Afghan envoy rejects claim that 50 soldiers were killed by Pak troops

Cheryl Sanders
May 9, 2017

The Pakistani army said on Sunday it has killed over 50 Afghan soldiers near the border between the two countries, as tensions between the two forces escalated after clashes earlier this week killed 10 Pakistani civilians.

Zia Durani, police spokesman for Afghanistan's Kandahar province, said Pakistani officials were using the census as a cover for "malicious activities and to provoke villagers against the government".

Major General Hiwa Rash said two attackers blew themselves up at the entrance to the base and the other three were killed in a shootout with Kurdish forces.

The Pakistani and Afghan armies have been clashing at the Chaman border crossing in southwestern Baluchistan province since Friday.

Pakistan and Afghanistan military authorities have made a decision to determine geographical boundaries of their areas during the third flag meeting at the Bab-e-Dosti gate of the border on Sunday.

Pakistan and Afghanistan regularly accuse each other of sheltering their enemy insurgents.

Afghanistan's envoy to Pakistan Omar Zakhilwal rejected yesterday's claim by the Frontier Corps and said two Afghan soldiers were killed and seven others were injured in the clashes between the two forces.

Bab-e-Dosti remains closed for the fourth day after attack by Afghan forces on Pak.

The conflicting versions of these events highlighted the hair-trigger state of relations between the two Muslim-majority countries, which share a long and conflict-ridden border, despite recent diplomatic overtures.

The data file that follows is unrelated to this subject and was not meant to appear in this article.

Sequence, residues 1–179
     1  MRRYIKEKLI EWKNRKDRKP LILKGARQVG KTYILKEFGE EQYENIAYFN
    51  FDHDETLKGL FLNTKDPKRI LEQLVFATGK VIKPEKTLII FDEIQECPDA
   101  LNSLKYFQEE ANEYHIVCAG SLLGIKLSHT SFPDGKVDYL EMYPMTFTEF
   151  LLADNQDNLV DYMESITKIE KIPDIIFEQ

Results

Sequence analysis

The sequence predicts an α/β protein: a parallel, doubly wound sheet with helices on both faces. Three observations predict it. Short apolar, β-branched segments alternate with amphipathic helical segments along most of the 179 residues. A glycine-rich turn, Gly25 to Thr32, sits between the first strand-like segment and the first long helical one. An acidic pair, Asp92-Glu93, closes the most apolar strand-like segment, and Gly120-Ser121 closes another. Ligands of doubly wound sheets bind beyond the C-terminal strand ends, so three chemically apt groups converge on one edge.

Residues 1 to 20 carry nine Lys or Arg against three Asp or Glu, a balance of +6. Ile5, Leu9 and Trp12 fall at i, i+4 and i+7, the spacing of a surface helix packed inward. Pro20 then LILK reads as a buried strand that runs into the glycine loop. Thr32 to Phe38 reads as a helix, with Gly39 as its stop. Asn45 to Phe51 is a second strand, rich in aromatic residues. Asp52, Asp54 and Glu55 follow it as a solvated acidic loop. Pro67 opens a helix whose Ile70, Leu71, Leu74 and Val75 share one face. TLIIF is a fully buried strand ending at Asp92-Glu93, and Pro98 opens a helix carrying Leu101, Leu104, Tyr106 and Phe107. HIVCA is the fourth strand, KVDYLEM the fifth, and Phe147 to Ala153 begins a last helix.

Afghan officials said the Pakistani team and its uniformed Frontier Corps guards had crossed into Afghan territory, but they did not provide a detailed account of the incidents.

Shahzad reported from Islamabad.

Major Gen Ahmed said today that Pakistan had informed the Afghan side about the census team in border villages but their border police sneaked into Pakistan area and "used locals as human shields so that they could make a position for attacks".

Attempts by Pakistan to harden the traditionally soft border with Afghanistan through trenching and fencing that began in 2016 have been met with hostility by Kabul.

Southern Command Commander Lt. Gen. Aamir Riaz termed the cross-border attack as shameful.

The Pashtuns can easily travel back and forth across the border, but the deteriorating political ties between the two countries are now causing them problems.

He said the government had established a tent village in the foothills of Khojak Pass - far away from the worldwide border to keep internally displaced persons.

Other reports by iNewsToday